Some youths have taken to the streets in Benin City, Edo State, on Monday, to protest the persistent fuel scarcity rocking the country.
On Thursday, some protesters had also blocked the Lagos-Benin Expressway at Oluku Junction to express their grievance about the rise in fuel prices and the scarcity of the Premium Motor Spirit.
Th punch reports that the protesting youths also blocked the road on Monday and set a bonfire.
A video of the protest seen on Monday morning showed fires on the road with thick smoke billowing from the burning materials.
The News Agency of Nigeria also reports that petrol price has risen to N340 per litre in Dutse, the Jigawa State Capital, adding that the situation has subjected the residents, especially motorists, to hardships due to the scarcity of the commodity.
A NAN correspondent who monitored petrol filling stations on Sunday observed that long queues of vehicles distorted normalcy at the stations.
The filling stations were selling the product at an exorbitant cost of N340 per litre.
Also, most of the filling stations within the city were not open for a long period.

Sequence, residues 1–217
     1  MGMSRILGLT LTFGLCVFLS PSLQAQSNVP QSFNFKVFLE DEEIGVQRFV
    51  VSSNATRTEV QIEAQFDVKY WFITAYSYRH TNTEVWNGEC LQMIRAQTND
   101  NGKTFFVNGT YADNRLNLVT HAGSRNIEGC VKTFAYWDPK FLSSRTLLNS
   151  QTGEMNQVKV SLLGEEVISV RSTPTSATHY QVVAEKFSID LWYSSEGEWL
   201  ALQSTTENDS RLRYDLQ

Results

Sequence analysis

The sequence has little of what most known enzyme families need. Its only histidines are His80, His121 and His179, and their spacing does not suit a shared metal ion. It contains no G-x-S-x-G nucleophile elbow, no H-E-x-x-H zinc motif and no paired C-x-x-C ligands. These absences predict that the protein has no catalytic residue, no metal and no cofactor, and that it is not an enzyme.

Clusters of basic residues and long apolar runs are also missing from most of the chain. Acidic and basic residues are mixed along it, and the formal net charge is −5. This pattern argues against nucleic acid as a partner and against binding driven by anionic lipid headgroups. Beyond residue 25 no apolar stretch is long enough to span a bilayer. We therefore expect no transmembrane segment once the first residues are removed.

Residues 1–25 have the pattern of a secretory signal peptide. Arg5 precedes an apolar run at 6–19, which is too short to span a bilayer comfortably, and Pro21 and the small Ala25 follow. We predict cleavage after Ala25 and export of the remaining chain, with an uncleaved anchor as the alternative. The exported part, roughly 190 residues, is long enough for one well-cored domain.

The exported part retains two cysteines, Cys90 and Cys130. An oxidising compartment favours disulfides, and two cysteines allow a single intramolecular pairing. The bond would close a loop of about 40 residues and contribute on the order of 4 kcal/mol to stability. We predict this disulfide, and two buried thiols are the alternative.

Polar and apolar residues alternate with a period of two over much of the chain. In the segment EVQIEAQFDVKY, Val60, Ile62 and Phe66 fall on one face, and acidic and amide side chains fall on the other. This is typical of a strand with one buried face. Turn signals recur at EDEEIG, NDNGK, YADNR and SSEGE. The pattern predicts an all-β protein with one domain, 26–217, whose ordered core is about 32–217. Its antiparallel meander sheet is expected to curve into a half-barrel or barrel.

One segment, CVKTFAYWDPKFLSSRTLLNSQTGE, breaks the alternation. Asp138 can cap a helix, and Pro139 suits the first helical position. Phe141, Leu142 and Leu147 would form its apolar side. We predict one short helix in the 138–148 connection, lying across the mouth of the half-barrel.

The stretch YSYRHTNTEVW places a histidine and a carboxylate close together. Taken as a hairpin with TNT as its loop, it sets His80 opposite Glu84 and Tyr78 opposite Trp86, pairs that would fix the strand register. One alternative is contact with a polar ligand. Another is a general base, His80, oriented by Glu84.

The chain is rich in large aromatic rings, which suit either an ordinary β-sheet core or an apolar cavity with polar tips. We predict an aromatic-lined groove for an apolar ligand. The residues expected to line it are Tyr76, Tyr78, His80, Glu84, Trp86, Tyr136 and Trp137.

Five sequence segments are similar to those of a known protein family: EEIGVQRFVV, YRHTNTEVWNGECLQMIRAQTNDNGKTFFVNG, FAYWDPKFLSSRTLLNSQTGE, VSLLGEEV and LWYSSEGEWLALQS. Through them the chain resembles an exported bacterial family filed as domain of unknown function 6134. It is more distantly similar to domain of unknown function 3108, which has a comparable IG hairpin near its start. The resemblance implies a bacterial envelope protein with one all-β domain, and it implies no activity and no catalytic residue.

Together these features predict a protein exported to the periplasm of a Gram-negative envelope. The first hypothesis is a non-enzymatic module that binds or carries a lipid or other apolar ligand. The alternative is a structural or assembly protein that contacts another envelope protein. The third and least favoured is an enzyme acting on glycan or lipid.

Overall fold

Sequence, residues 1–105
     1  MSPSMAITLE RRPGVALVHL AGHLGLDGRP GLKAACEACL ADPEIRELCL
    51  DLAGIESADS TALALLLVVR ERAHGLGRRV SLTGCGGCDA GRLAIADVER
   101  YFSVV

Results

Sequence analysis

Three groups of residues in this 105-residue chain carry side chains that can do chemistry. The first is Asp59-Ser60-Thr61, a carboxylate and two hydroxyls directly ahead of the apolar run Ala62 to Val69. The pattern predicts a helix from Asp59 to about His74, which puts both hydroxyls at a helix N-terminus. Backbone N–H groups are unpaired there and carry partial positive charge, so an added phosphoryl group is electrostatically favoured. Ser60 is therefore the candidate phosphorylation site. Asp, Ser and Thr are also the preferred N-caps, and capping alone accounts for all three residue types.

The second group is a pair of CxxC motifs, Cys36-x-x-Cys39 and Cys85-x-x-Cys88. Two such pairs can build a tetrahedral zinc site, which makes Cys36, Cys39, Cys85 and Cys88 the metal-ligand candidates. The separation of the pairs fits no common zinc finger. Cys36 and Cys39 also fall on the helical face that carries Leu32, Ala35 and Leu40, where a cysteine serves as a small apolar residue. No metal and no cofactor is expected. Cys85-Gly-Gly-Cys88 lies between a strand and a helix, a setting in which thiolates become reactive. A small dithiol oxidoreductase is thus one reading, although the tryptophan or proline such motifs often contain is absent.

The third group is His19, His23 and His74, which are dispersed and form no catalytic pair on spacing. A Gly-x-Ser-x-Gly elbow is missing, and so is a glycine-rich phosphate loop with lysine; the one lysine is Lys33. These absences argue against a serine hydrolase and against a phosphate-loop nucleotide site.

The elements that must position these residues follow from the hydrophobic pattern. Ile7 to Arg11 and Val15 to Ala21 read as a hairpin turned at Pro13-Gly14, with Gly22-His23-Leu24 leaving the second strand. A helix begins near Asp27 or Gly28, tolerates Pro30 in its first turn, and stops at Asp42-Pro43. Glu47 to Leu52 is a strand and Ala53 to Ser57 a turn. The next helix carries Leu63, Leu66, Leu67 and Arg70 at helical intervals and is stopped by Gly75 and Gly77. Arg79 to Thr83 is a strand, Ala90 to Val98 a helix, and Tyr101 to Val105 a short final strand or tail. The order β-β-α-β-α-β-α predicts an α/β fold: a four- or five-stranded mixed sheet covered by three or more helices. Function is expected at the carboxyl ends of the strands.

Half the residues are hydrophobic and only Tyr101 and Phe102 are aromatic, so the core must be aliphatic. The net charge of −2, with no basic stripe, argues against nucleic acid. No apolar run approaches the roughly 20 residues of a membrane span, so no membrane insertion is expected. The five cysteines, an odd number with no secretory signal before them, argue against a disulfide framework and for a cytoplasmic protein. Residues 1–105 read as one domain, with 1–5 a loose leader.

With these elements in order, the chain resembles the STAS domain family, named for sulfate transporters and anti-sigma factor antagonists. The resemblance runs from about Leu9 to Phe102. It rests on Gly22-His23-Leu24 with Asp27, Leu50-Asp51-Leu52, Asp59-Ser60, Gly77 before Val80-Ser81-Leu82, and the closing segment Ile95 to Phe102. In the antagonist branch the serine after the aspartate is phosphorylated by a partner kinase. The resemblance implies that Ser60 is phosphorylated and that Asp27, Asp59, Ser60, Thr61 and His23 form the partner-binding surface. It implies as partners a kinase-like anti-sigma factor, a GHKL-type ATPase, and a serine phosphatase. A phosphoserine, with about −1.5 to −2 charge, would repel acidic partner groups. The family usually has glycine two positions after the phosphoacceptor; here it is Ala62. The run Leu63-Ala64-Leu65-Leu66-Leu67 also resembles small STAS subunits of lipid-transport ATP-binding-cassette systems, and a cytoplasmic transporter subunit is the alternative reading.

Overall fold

At Awajil Global Resources, IMG Petroleum, Maruta Petroleum, and Investment, all on Ibrahim Aliyu by-pass, motorists and commercial motorcyclists were in long queues waiting to refuel their tanks.
Also, Audu Manager filling station and AA Kankani Nig. Ltd, on Olusegun Obasanjo Road, had long queues of vehicles and were also selling the product at the same price.
Filling stations like A.S.A Oil Nig. Ltd., B. A Bello Nig. Ltd and Matrix, all on Ibrahim Aliyu bye-pass, were either not having or selling the product.
A motorist, Malam Aminu Muhammad, described the situation as frustrating and urged the Federal Government and other authorities concerned to bring lasting solutions to the chaos.
Also commenting, Muhammad Askira, said the Federal Government should ensure that security agencies monitored the filling stations and ensure that products were sold at the approved price.
Also, a farmer, Ahmad Rufa’i, said the ugly situation was making him produce at loss.
“I plant wheat maize and every week I need at least 20 litres to water my farms. And I need to water these two farms at least 20 times.
“So, how much money do you expect me to spend on fuel alone, not talk of transport and other logistics?
“So, most of us are doing this farming without any certainty of whether we will gain or lose,” Rufa’i said.
NAN gathered that the management of the filling stations declined comments on the situation, because “we are not authorised to speak to the press.”